Tuesday, March 8, 2016

'Hero'? I Hardly Think So

Why is this man called a "hero" for doing what comes naturally?
The word "hero" may be the most overused descriptive in American English. You are automatically a hero if you are in the military, a member of fire and rescue, a cop, a teacher, a football player, and on and on. Most of those people would be out front in saying they are not heroes; they are simply doing a job. Some others--like a number of cops of late--are anything but heroic. They are criminals, but that's another blog post.

Here, we have a great example of the word's overuse. The Huffington Post headline blares: "Real American Hero Saves Kid from Getting a Bat to the Face." The man, probably the computer-involved boy's father, is making a quick--and laudable--reaction to a threat to the child. Even if the kid is not his, there are few of us who would do anything different than he is doing, if we were sitting where he is sitting. You will note that the man in front of our "hero" is doing the same thing, but he missed the bat.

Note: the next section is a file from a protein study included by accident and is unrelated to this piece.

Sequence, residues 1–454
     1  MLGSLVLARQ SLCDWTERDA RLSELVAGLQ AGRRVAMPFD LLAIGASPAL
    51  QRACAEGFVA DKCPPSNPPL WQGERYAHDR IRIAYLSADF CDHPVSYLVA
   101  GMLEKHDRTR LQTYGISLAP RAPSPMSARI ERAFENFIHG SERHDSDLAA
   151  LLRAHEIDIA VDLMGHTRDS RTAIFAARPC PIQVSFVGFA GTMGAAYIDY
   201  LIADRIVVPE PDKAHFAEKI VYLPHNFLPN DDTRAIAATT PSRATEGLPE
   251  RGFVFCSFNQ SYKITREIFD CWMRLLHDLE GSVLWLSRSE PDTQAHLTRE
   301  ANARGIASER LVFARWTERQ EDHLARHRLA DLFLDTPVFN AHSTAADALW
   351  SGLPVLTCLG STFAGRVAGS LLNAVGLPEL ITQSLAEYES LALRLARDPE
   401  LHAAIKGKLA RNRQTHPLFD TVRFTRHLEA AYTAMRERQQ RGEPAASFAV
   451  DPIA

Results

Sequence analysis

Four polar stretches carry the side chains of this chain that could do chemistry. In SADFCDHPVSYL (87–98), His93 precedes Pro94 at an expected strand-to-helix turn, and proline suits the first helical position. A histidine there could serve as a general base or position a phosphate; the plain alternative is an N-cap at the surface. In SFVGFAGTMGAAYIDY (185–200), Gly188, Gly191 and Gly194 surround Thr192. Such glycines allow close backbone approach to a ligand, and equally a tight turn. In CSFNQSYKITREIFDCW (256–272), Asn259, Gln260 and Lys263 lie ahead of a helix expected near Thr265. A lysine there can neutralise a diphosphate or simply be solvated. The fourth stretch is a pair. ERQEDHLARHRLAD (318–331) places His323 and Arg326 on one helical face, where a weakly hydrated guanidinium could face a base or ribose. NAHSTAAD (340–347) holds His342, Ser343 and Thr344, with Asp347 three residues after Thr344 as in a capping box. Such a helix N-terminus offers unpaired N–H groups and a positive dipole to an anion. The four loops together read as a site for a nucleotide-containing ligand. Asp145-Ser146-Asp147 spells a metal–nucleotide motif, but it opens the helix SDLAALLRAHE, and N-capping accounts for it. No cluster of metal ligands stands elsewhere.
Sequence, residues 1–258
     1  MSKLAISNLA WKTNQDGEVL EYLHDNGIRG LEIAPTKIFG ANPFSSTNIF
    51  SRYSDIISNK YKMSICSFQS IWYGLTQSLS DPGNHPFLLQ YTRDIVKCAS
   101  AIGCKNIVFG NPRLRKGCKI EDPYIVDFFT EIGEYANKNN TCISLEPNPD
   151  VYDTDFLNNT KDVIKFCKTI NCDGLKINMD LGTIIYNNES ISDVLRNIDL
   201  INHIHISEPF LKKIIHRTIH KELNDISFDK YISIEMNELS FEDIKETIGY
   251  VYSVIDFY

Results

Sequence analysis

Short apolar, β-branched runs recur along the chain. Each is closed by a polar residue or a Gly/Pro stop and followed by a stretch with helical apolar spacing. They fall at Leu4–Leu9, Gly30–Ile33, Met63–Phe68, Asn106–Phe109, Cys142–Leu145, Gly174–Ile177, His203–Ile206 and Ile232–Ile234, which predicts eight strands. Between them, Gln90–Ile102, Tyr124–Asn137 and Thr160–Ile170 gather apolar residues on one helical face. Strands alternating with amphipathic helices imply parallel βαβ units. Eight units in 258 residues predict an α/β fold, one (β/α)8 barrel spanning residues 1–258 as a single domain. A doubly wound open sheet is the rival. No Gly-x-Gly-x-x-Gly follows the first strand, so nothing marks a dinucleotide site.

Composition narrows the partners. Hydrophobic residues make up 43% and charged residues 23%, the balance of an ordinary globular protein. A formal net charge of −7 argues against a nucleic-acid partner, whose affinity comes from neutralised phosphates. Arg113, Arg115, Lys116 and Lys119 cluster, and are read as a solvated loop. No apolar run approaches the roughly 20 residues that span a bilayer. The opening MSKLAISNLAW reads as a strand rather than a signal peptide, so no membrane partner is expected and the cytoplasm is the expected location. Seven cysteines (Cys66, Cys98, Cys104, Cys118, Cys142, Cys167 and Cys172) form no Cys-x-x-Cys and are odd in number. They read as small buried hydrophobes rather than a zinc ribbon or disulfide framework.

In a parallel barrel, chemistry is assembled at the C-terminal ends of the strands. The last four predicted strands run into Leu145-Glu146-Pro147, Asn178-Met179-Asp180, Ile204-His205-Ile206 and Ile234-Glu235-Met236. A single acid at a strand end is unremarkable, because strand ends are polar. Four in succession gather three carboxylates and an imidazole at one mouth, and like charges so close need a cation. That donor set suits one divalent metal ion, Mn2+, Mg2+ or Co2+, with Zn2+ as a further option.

A few of the people are shying away, but they obviously have no dog in the fight and don't care if the kid gets brained. Or maybe they are cowards.

In any case, the man stopping the bat is not a hero ... except maybe to the kid.

My suggestion is that if we reserve strong words like "hero" to appropriate situations--say protesting at a Donald Trump rally where you know you are going to be clobbered by a private army--then it regains its power.


1 comment:

  1. I think it goes too far to call the people not protecting the kid "cowards." A bat flying into the stands is lightning-quick event and people are just reacting by instinct, not conscious thought or moral judgment. Blessedly, the one man's instinct was to protect the child.

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